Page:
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Wind turbine opponents welcome health effects study

Local opponents of wind turbines are pleased Health Canada will study the possible links between noise from the giant structures and the health effects by people living near them.

But it’s unclear if the move – even if evidence of adverse health effects is found – will have any impact on the plan to install hundreds of wind turbines in Niagara, Haldimand and Norfolk. Supporters have long maintained there are no ill health effects from living near a turbine, and in 2010 the Ontario Medical Officer of Health issued a report saying there is no evidence that wind turbines have an adverse impact on public health.

Federal Health Minister Leona Aglukkaq announced Tuesday that Ottawa will conduct the study, which she said “is in response to questions from residents living near wind farms, about possible health effects of low-frequency noise generated by wind turbines.”

Wind turbines first appeared in Ontario in 1995, but have gained momentum under the Liberal government’s Green Energy push.

“Wow,” said Wendy Veldman, a member of the West Lincoln Wind Action Group, which is fighting a plan by a Mississauga company to install five wind turbines in Caistor Centre next year.

“That’s a step in the right direction. We don’t feel they should put up any more until they look at the detriments. None of us disagree with wind turbines. I don’t have a problem with them. I just feel they should look at where they are (placing) them.”

“Finally,” said Fred Ortt, a member of Haldimand Wind Concerns, which is questioning the location of hundreds of wind turbines in the county by companies such as Samsung, the Niagara Region Wind Corp., Pattern Energy and Capital Power Corporation.

“We’ve been asking for it for four years,” said Ortt, who will have his Cheapside-area house surrounded by six proposed turbines. “We’ve been trying to get the provincial government to do something about it. We’re finally getting the point across.”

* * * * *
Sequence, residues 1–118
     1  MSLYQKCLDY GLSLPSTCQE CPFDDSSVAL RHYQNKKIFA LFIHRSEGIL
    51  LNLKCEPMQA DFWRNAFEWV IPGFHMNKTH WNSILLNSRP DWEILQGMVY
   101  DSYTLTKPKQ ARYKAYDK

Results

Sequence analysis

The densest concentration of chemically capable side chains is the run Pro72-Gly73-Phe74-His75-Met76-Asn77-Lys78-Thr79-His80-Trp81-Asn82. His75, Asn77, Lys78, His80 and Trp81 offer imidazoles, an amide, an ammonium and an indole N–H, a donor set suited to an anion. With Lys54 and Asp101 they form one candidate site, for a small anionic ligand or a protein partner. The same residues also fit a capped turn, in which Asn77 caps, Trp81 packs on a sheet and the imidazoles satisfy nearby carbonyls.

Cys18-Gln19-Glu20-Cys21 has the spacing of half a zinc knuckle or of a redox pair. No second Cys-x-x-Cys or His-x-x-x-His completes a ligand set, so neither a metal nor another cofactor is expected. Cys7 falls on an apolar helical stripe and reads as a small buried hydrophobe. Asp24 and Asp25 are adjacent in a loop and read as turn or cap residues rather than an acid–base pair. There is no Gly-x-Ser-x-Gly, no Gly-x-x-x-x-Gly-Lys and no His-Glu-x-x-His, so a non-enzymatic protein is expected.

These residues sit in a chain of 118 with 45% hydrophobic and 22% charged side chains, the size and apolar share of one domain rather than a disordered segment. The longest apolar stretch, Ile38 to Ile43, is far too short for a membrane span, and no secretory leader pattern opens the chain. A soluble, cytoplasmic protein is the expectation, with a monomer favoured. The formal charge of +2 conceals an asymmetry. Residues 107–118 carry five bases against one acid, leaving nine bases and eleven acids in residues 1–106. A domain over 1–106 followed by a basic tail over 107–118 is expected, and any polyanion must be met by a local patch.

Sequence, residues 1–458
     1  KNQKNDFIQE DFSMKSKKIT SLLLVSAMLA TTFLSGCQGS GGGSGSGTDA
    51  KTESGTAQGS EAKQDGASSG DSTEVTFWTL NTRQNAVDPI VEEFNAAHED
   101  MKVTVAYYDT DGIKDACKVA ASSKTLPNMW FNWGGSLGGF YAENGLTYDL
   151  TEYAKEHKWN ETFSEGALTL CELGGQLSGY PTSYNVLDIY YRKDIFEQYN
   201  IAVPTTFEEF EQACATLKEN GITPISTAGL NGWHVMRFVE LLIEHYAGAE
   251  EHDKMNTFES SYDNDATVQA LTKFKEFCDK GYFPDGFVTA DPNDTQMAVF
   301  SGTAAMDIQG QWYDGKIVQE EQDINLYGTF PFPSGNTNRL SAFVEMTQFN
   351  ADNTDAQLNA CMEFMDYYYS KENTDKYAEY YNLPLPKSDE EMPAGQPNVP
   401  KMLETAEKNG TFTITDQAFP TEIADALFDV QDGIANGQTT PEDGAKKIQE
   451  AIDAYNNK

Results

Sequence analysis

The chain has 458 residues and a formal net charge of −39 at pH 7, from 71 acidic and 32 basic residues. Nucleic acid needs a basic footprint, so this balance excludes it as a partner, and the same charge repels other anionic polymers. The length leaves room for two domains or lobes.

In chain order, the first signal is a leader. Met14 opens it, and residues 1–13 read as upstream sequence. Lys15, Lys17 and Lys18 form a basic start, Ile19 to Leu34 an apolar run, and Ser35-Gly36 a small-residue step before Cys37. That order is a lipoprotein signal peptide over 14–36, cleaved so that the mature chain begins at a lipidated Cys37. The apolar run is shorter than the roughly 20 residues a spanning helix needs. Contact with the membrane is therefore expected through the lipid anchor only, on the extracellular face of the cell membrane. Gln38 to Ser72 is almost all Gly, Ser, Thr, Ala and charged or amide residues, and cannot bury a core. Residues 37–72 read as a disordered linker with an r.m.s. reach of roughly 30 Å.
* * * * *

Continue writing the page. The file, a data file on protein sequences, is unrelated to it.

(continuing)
He questioned, however, if the province would listen to the results, which are expected to be published in 2014. He said a Hagersville hearing on a plan by a company to build turbines around the Jarvis area recently heard from a couple of U.S. residents about the ill effects of living near the machines.

“Is (the time frame) quick enough to stop them here?” Ortt wonders.

Robert Hornung, president of the Canadian Wind Energy Association, which represents the industry, said in a statement that the study will make a valuable contribution to the ongoing research on wind turbine effects.

He added, however: “We believe the balance of scientific evidence pretty clearly shows that wind turbines do not have an impact on human health.”

The study will initially focus on residents in 2,000 dwellings selected from eight to 12 wind-turbine installations across Canada. Health Canada said researchers will conduct face-to-face interviews with residents, as well as taking physical measurements such as blood pressure, and measuring noise levels both inside and outside some of the homes.

This isn’t the first local study on the health impact of turbines. The University of Waterloo announced in February it would survey residents living around wind turbines in Haldimand and Norfolk. This would include residents living around 48 turbines put up near Port Rowan seven years ago.